We look at one the America’s favourite travel spots.
San Francisco has always been one of America’s most enticing destinations. This former goldrush town may not always bask in the sunny weather of its Southern California sisters, but where else can you sample a touch of Asia, a bit of Parisian joie de vivre, a taste of Central America, a hint of Italy and a good dollop of West Coast style and eccentricity in a single day?
San Francisco’s secret weapon is its winning combination of big-city sophistication and small town accessibility. You can always discover something new in this walking town of distinct neighbourhoods from restored Victorians to funky shops to some of the most delicious restaurants in the country.
San Francisco is currently in the throes of a building boom, and formerly decrepit corners of the city are undergoing a metamorphosis. The city is also home to one of America’s most popular icons; The Golden Gate Bridge. You’ll also find the Palace of Fine Arts, Golden Gate Park, the city’s famous cable cars and Chinatown district.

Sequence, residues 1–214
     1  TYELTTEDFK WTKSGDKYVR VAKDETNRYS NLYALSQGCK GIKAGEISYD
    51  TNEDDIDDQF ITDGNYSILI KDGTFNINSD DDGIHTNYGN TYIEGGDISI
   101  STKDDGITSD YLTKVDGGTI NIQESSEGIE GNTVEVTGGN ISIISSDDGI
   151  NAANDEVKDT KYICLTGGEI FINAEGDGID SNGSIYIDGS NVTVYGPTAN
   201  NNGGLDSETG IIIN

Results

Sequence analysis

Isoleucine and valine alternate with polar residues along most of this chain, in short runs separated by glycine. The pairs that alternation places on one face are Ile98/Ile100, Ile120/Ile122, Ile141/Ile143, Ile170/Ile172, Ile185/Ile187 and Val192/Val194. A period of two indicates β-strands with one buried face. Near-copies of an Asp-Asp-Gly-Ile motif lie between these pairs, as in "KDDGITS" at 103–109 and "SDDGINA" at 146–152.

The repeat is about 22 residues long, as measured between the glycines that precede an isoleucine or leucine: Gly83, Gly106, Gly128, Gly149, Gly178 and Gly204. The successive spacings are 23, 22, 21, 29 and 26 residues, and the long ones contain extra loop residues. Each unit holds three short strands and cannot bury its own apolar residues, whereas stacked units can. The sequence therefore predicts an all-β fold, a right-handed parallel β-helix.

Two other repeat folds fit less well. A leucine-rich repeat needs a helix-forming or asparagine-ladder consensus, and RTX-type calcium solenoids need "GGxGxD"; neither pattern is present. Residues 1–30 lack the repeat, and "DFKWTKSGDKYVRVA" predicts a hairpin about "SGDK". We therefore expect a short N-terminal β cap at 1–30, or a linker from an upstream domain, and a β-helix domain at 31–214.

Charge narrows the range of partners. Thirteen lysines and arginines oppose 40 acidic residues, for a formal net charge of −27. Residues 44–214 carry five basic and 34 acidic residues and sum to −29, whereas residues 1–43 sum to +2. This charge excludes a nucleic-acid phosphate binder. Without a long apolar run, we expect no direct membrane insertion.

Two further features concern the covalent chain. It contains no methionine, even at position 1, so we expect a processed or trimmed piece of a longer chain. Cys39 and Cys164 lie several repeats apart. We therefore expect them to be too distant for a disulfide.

San Francisco’s Neighbourhoods:
The centre of tourist activity, Union Square is tucked inside Sutter, Grant, Market, and Mason streets. Big department stores, expensive boutiques, theatres, many exceptional restaurants and the greatest concentration of hotels in San Fran surround the actual square. If you stay here, Chinatown, Nob Hill, the Tenderloin, the Financial District and SoMa are all within walking distance.
This densely packed area is as colourful and exotic as advertised. The Dragon Gate entrance on Grant Ave leads to touristy shops but after you wander up and around Stockton Street you’ll feel as if you’re in another world.
North Beach isn’t actually a beach, it’s the former Italian enclave that Chinatown is encroaching upon. This is the place to hop from one cafe to another, to browse for books and Italian poetry and to sample the delectable treats on offer from the various Italian delis and pastry shops. Columbus Avenue is the main thoroughfare and family style restaurants and crowed bars line the streets from Washington to Grant.
Sixteen million tourists per year can’t all be wrong, but this most touristy section of town is all a matter of taste. Located on Bay Street, the former working class piers have been stripped of their glory and turned into a gaudy ode to commercialism.